• 8.
  • At 03:23 AM on 02 Apr 2008,
  • Andrea wrote:

As for Clegg's discussion of sex, I would say what my children have said on the same subject: Too much information!

  • 9.
  • At 07:43 AM on 02 Apr 2008,
  • Dennis Lane (Brit now living in Pretoria) wrote:

Greta (number 3) of COURSE it is not real. It is a jpg file so has obviously been constructed from a screen shot of the speakers site.

  • 10.
  • At 08:15 AM on 02 Apr 2008,
  • Lewis and Clark wrote:


This sounds like a grass roots effort to force action in the Congress. I've been hearing a lot of this kind of thing here in the States and a lot of it is focused one of my state's Representatives, Nancy Pelosi.

Ms. Pelosi is Speaker of the House of Representatives (the lower House) and she is taking much grief from progressives for not pursuing articles of impeachment and other stringent measures as a partisan activist.

While I sympathize with those who seek justice, I also realize that Mrs. Pelosi is a solid Liberal who has done nothing to deserve the harsh criticism of some. She represents Northern California and the San Francisco Bay and has personal knowledge of the complexities of Liberal constituencies.

She does control a majority in the lower house, but any legislation she guides through the House is still subject to the will of 100 Senators.

Senator Harry Reid (D)of Nevada is the Senate Majority leader by a measure of 1 vote. Any Bill passed by the house to impeach or refute Mr. Bush will not pass the Senate with the needed majority - for political reasons.

And so you see why we Liberals need this coming election to change the balance in the Senate.

This is why we are working for change in America.

This is why we hope our friends in the UK will offer their support for change.

The US has a special relationship with England and we know the cost of the war you've borne at our request.

We thank you for standing with us as loyal friends in combat. And we hope you'll stand together with us for peaceful change.

My Best Regards - An American Voter

  • 11.
  • At 11:18 AM on 02 Apr 2008,
  • Simon O'Brien wrote:

The Clegg interview is yet another attempt by a politician to make the public interested in politics.

The fact is that despite the burning interest of journalists, activists and some voters the vast majority both in the US and UK are not interested.

It would be interesting to see this reflected in the coverage of the US primaries. At the moment we are given the impression that those in the US are consumed with the primaries, in actual fact only a minorty are.

If Britney Spears were to throw her hat in the ring - that might be different, but two lawyers and a retired war veteran?

  • 12.
  • At 12:00 PM on 02 Apr 2008,
  • Adam wrote:

AS a Englishman looking in, it seems extremely selfish of Clinton to hurt her parties chances so much by staying in the race this long. Naive too that she doesn't realise it!

By appearing to have lied so much already, what hope of her being an honest president is there?

All three candidates talk of "fixing the American economy" but i've yet to see an article quoting ANY of them saying HOW they plan on doing this? Surely you Americans care about issues that AREN'T Iraq?

I've also read that McCain wants to abolish the right to an abortion? How can a country proclaiming itself to be free take away this right? I'm not too "up" on your amendments but surely the right to an abortion would be covered in there??

(Wish we had more invasive coverage of the whole election process here in England)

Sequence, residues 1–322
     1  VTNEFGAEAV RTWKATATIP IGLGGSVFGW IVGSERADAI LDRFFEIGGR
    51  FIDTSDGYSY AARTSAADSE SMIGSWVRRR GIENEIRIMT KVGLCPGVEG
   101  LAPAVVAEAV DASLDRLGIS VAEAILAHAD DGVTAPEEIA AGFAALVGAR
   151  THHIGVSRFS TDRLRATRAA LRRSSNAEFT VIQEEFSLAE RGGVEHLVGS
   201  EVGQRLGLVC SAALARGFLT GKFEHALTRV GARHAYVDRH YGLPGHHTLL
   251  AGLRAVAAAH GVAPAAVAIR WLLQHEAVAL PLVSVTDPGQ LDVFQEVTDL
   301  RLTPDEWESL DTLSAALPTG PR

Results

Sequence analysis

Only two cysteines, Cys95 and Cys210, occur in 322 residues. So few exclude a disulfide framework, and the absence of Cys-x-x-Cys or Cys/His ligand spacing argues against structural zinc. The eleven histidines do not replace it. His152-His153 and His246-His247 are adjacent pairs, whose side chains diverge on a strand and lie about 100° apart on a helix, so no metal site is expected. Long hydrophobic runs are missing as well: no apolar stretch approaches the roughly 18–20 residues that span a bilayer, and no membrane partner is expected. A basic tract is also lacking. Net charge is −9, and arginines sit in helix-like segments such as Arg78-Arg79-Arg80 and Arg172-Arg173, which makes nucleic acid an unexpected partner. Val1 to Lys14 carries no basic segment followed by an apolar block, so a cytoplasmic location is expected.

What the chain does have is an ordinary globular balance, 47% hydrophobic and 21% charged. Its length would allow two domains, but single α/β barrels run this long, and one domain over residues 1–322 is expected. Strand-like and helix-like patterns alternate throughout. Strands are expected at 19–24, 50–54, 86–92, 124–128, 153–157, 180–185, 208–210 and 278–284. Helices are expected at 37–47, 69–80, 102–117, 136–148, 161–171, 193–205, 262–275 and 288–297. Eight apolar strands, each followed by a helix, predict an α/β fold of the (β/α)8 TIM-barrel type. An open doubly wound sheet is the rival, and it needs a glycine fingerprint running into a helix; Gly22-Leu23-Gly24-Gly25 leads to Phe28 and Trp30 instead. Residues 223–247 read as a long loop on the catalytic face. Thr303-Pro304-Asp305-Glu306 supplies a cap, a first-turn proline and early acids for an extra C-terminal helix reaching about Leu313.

• 13.
  • At 01:18 PM on 02 Apr 2008,
  • Mark wrote:

Justin in Wonderland; this really is a case of the pot calling the kettle black. Of all the inane purposeless rituals on earth, I can hardly think of one more inane or more purposeless than the weekly spectacle of Prime Minister's Question Time in the British House of Commons.


Wretched Rabble in the front and back benches; ")_(&*)^)(^**(^^%%"

Boomin' Betty Boothroyd; "Awda! Awda! We'd all like to hear what the Prime Minister Has To Say.

Prime Minister Tony Blair; "I refer my right honorable friend to the reply I gave some moments ago."

Half an hour of that and you wonder what planet these people are on. By comparison, a fertility rite with a human sacrifice by a stone age aborigial tribe seems sane. Half an hour of that and you'd cry for the idiotic and pathetic state of British democracy if you could stop laughing so hard. And you call the process in Texas wierd while this is normal? Brits just keep getting curiouser and curiouser.

Never mind that HRC's lead in Pennsylvania polls is shrinking.

One thing y'all seem to be forgetting is the "handicapping".

HRC gets extra points for being female, almost retirement age, and most importantly, blonde. BHO gets points deducted to offset the advantage of minority status due to political correctness, and a handicap to adjust for youthful stamina.

When these factors are taken fully into account, HRC is a clear winner.


  • 15.
  • At 01:37 PM on 02 Apr 2008,
  • Joe wrote:

April Fool?

  • 16.
  • At 01:48 PM on 02 Apr 2008,
  • Penny Hall wrote:

Good, good,good.

  • 17.
  • At 01:51 PM on 02 Apr 2008,
  • Ron Gillespie wrote:

Great site,once you have customised it.....
Could be improved if the Business & Money section included the main currency values eg Dollar & Euro to the pound value each day.

Kind regards

Ron Gillespie.

  • 18.
  • At 04:30 PM on 02 Apr 2008,
  • H K Livingston wrote:

Here we go again: the same people submitting themselves to the electoral process--the race for the nomination (elected delegates and Super Delegates in all fifty states and other territories)--but calling for its abandonment halfway through because the results are not to their liking.

Deja vu 2000 and 2004--the race for the Presidency (popular votes and the Electoral College)--the validity of the results questioned for no other reason than
> their inability to accept the fact that
> the electorate at large found them to be
> the worse option.